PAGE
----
Finally, Credit Union 2.0 will provide an optimistic outline of the credit union of tomorrow. Such a credit union digitally engages members, builds fierce loyalty, scales gracefully, and makes your members feel like they own the place!

PAINT

Kirk Drake, a serial entrepreneur focused on credit union technology and author of CU 2.0, reveals his P.A.I.N.T. strategy you can use to make your credit union more competitive, more creative and more in tune with today’s digital expectations.

If you have struggled with corporate culture, agility, moving faster, or competing with the onslaught of new Fintechs, the P.A.I.N.T. methodology will help your credit union quickly iterate and apply key “Operating System” Strategies to better engage your members.

Take home these 5 tools:

  • Painted Picture
  • Analytics Plan
  • Innovation and Agility Hacks
  • Nimble Algorithms
  • Terminate

Related Content

Credit Union Planning Session Facilitators

Credit Union Planning Session Process

Credit Union Strategic Planning Process

What is a credit union strategic planning process and why should you use one? If you are a new credit union executive or are thinking of doing your first credit union planning session, this article outlines the process and methodology credit unions use.

Credit Union Strategic Planning Process

The credit union strategic planning process is the steps that you go through as an organization to determine:

  • Vision: the direction of your organization.
  • Mission: what you’re going to do and for whom.
  • Goals: how to measure it and guide your strategy to get to where you want to be.

Before we get into the process, it is important to revisit why we do credit union strategic planning processes. There are 5 main components:Strategic Planning for Credit Unions

  • Get your team on the same page. They should be aligned with the credit union’s vision, mission, and goals.
  • Maximize resources.
  • Understand trends, scenarios, and situations that might impact the credit union in the future.
  • Determine the best ways to accomplish your goals.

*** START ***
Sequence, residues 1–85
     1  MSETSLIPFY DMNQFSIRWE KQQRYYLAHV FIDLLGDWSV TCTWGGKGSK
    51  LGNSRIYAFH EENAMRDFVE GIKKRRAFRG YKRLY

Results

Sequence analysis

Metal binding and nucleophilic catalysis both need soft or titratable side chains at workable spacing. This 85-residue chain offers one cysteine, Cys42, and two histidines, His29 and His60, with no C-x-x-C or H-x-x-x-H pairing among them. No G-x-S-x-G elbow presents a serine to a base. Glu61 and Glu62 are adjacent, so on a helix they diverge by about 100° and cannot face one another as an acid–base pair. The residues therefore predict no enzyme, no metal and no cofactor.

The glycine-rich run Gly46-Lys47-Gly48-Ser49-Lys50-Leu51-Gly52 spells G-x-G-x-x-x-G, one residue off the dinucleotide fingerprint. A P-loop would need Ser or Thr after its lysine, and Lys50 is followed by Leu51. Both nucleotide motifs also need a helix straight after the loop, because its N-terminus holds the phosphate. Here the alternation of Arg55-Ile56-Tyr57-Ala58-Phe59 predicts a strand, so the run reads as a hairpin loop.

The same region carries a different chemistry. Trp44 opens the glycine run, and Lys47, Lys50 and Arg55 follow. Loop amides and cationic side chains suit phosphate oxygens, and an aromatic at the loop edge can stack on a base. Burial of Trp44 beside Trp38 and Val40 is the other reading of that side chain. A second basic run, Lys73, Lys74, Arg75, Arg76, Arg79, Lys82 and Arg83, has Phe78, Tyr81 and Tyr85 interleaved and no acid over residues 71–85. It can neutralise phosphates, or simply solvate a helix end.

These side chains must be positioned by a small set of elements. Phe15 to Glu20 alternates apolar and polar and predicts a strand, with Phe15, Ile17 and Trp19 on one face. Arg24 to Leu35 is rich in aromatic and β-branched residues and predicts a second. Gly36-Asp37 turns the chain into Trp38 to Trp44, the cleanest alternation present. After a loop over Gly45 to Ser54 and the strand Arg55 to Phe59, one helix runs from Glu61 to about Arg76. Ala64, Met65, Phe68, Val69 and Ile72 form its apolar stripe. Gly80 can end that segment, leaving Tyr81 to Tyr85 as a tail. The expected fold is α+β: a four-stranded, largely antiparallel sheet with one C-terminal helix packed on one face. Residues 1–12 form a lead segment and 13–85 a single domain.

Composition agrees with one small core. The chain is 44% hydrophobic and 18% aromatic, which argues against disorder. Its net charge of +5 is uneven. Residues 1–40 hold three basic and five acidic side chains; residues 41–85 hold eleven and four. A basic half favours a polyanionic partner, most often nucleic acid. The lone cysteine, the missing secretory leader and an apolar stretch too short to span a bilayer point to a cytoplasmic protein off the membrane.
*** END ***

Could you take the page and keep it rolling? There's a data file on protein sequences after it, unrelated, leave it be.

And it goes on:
• Develop implementation plans and goals for your team.

A strategic plan is a key tool for your employees, leaders and board members to make sure everyone knows where we are going and why.

The process used to create your credit union’s strategic plan is every bit as important as the plan itself. Then, the method for communicating, updating, and re-evaluating it is essential.

Ultimately, we all have more things we want to do than resources allow. We must therefore prioritize and make tough choices so that we can deliver and get to the next level.

4 Considerations for Credit Union Strategic Planning

  1. How did our credit union get here today?
  2. Where do we want to go, and what are the Champagne moments we will celebrate when we get there?
  3. What might get in our way?
  4. What resources (people, budget, etc.) will we need to get there?

So how do you get there?

Credit Union Strategic Planning Step 1: Gather Inputs

In this first stage we want to gather what has worked from the past. Any credit union performance data, staff surveys, or member surveys are key.

What are the outside factors? Community, political, SEG, economic, social, regulatory or technology that you are concerned about? What keeps you up at night?

SWOT—Strengths, Weaknesses, Opportunities, Threats—make sure you know internal and external factors that impact your credit union.

Credit Union Strategic Planning Step 2: Vision

What will your credit union look like in 5 years?  What is the Champagne moment when you get there? Is it your number of members, your loan portfolio, etc?

Why is this important? What will the impact be if you get there?

Credit Union Strategic Planning Step 3: Mission

Why was your credit union created? What is your mission? Why is that important and who is it for?

Credit Union 2.0 highly recommends creating a painted picture or Vivid Vision to develop these inquiries.

Often as leaders we feel that we have better intuition—in fact, we just know where we are going. The painted picture and Vivid Vision help with that.

Credit Union Strategic Planning Step 4: Values

What are the values that represent the credit union? People helping people? These are about having values that everyone agrees to and are understood.

What are the behaviors that your best employees exhibit? What are the things that won’t be tolerated? What is it like to be an employee at your credit union?

Credit Union Strategic Planning Step 5: Competition and Roadblocks

What could go wrong? What might change in the marketplace? Which competitors should we watch and learn from? Which should we watch and avoid?

Credit Union Strategic Planning Step 6: Priorities, Goals and Tactics